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OPINION: The problem with people and pets

Mar. 23—Lately, a lot of my friends have been grieving as their beloved pets — as they put it — crossed the rainbow bridge.

The first time I saw that phrase used was on social media, not during a casual conversation. I didn't ask what it meant because I didn't want to sound stupid. I assumed it had something to do with the LGBTQ community — either that, or "The Wizard of Oz." Turns out it may stem back to snippets of poetry, and even further into history, Norse legend.

All you really need to know is, it means your pet has died and gone to heaven. The presumption is that someday, you and the pet will be reunited.

Some people don't understand why their friends get so upset when they lose a pet. They roll their eyes and say, "It's just a cat!" Or, in reference to someone who can't face going to work or socializing at a bar with their buddies, they'll comment, "Good lord, get over it!" They don't get that for many people, pets are part of the family. They're just as important in some circles as humans, and for good reason: Pets don't lie or cheat, though they might sometimes steal the grub from your plate.

Pets accept you for who you are; they don't judge you, though they may retaliate for something you do or don't do. They don't demean people in the opposing political party, because they don't care about politics — although our cat hissed once when Trump appeared on TV several years ago. We just assumed it was because the man made a sudden loud noise the cat didn't like. The same is true for the ring tone for my husband on my phone: Pink Floyd's "Wish You Were Here."

Some pets are affectionate. They want to sit in your lap and purr — or in the case of a dog, emit the occasional grunt of contentment. They demand food, of course, but they depend on you, just like a child would. That's especially true of dogs, who aren't as self-sufficient as cats. Both species will drink from the toilet or rip into the bread you left on the table. But dogs won't necessarily eat their humans if the humans precede them across the rainbow bridge. Cats — well, they've been known to dig in and choose the best parts.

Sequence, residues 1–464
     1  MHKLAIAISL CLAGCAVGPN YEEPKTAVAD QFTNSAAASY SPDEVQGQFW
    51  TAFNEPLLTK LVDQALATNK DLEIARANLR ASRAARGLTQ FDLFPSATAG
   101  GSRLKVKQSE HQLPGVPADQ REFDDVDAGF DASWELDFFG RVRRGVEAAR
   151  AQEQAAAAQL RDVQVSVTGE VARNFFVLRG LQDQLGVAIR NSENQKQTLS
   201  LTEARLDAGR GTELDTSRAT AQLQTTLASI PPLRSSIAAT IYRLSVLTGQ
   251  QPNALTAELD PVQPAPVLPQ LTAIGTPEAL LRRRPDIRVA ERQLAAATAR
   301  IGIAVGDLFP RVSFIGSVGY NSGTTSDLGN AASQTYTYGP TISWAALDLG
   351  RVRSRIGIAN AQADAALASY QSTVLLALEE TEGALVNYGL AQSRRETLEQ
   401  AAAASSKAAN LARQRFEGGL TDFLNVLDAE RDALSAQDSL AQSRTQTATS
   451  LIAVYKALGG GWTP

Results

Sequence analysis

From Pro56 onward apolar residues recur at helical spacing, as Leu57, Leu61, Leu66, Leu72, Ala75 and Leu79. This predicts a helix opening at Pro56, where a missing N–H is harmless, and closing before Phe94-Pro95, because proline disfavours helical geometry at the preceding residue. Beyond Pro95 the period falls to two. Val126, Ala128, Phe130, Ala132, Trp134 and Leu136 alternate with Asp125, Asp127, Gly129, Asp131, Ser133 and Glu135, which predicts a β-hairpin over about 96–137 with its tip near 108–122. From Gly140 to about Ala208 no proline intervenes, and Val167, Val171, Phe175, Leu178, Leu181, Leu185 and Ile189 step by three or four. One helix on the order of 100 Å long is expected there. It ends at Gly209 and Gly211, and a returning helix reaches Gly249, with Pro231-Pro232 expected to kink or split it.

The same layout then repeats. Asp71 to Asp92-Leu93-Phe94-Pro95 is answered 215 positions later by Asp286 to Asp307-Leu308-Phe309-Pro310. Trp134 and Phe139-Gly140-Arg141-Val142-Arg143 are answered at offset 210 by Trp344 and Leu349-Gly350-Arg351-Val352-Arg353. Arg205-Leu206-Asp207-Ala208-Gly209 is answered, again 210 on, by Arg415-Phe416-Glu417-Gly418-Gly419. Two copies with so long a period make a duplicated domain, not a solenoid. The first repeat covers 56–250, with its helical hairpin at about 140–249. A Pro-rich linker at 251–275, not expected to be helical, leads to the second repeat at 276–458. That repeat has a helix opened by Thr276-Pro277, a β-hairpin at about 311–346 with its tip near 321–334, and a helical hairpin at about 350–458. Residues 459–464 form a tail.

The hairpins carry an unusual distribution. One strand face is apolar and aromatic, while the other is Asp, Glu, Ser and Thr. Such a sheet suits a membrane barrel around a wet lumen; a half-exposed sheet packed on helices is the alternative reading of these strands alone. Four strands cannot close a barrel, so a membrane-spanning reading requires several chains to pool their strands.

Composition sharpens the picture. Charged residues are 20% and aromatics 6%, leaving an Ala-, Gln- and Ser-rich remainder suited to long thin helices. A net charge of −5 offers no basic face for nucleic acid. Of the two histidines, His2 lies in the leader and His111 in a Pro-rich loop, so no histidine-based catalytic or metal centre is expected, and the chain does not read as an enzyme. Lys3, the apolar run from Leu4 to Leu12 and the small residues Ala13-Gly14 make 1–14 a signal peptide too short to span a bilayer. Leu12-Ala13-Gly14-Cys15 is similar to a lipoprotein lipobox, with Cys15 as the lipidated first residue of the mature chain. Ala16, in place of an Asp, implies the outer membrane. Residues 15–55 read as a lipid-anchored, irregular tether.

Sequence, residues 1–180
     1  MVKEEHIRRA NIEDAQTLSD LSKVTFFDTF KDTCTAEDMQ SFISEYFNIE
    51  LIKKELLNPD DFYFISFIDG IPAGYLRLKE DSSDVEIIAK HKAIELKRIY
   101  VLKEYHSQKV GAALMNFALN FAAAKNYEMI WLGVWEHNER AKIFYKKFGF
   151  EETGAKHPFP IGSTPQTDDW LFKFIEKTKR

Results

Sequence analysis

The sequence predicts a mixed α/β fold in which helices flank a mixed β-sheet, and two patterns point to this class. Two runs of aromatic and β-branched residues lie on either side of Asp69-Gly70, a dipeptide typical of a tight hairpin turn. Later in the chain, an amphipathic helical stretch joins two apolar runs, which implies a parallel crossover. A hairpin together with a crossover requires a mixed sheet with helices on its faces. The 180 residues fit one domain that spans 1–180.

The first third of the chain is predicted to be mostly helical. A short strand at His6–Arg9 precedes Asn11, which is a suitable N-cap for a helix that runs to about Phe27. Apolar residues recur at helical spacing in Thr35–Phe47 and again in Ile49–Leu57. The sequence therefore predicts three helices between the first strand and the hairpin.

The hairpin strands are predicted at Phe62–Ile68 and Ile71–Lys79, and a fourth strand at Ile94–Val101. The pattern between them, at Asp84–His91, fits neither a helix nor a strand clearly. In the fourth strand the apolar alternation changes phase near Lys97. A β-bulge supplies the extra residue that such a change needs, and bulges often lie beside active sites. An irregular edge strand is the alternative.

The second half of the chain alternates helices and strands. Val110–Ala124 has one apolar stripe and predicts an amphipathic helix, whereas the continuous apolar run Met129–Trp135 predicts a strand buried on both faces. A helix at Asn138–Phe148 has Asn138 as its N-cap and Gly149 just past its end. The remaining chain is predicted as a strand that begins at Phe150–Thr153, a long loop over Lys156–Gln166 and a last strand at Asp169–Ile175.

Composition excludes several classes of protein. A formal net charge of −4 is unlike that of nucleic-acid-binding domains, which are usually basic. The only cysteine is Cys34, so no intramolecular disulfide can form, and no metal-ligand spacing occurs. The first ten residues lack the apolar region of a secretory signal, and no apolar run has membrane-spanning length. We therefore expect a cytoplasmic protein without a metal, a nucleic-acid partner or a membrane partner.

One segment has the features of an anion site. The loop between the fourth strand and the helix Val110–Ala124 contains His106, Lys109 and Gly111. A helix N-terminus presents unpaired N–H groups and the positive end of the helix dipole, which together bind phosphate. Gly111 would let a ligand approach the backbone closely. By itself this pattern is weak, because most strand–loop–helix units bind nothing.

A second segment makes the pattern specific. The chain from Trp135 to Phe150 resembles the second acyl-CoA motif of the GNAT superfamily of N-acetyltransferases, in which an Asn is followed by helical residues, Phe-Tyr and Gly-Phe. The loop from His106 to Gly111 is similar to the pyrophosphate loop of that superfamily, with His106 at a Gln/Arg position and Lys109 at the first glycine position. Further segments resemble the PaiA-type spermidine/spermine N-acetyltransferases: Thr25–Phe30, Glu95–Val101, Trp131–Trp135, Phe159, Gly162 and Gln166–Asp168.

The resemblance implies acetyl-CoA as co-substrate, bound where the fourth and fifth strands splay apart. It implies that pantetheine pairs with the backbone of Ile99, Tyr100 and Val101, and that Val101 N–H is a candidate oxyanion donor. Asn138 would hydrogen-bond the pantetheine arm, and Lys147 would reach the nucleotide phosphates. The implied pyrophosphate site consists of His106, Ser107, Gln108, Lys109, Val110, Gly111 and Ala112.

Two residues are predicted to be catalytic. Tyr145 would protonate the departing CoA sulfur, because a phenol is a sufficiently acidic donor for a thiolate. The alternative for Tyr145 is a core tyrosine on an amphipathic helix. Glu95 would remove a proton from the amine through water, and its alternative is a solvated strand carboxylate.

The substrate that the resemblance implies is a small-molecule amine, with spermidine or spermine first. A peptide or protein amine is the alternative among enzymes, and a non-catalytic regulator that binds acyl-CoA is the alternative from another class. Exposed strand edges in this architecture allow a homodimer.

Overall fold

The hard-hearted souls who don't understand deep attachment to an animal probably haven't had a pet they loved beyond measure. For many people, their pets are their children — especially if they never had kids, or are empty-nesters. In my opinion, if you're going to have a pet, it belongs in the home with its people. Would you want to be stuck in a doghouse, even one with straw on the floor, if the temperature was hovering in the single digits, and the water in your bowl was frozen? Somehow I doubt it. As far as cats, I'll probably anger some friends when I point out the obvious: Free-roaming felines can decimate a bird population. They don't understand we'd prefer they stick to mice and other vermin.

Eons ago, dogs and cats made a partnership with nearby tribes of humans. The relationships were more or less symbiotic. Dogs acted as protectors around the fire pit, keeping other more dangerous critters at bay, while in return they got to gnaw on bones and other scraps from the humans. As for cats, history books record that they agreed to keep the granaries relatively mouse-free, apparently in return for simple worship. You've seen statues of the Egyptian goddess Bastet. Come to think of it, you've probably seen the dog-headed Anubis as well. Egyptians knew something Americans don't.

As practically everyone knows, Chris and I have a white cat, named Zeus by Cole when the beast arrived while Cole was still in high school. He's more commonly known by the simple moniker, "whitecat." He's quite old; according to Purina's chart, at 18-1/2 cat years, he's pushing 90 in human terms. That means he is qualified to run for president, and I assure you he wouldn't do much worse than some of the politicians we've been forced to endure in recent years.

About this time last year, I commented that I knew he didn't have much longer. I knew of a cat that lived to be 23, but by that time, he was blind and crippled, and peed on himself. I don't wish incontinence on either a cat or a human. A few years back, the whitecat began ripping out his fur; he now quits it for a while, before resuming this OCD behavior. On weekends, I allow him to sun himself on the second-story deck, and he's taken to "spraying" a straw broom in a corner there. I put the verb in quote marks because he's neutered when, tail upright and shivering, he does his business. In other words, he just thinks he's spraying; he's actually projectile peeing. He also spends a good deal of time sniffing the broom, and then will lie beside it for hours on end. The reason for this is elusive.

When inside the house, the whitecat prefers to sit in my husband's lap. Early in our marriage, Chris claimed he didn't like cats, but this was just an act he put on, like many men do. When this cat crosses the bridge, Chris might be more upset than I will be — and that's saying something.

So, a suggestion: Don't get frustrated with your friends, or make fun of them, when they set a great store by a pet. There are many reasons why people don't have pets; inconvenience and expense are two. But I've always believed that people who don't like animals at all are probably sociopaths, so you might be the problem. And if your friends animals don't like you, then you are definitely the problem.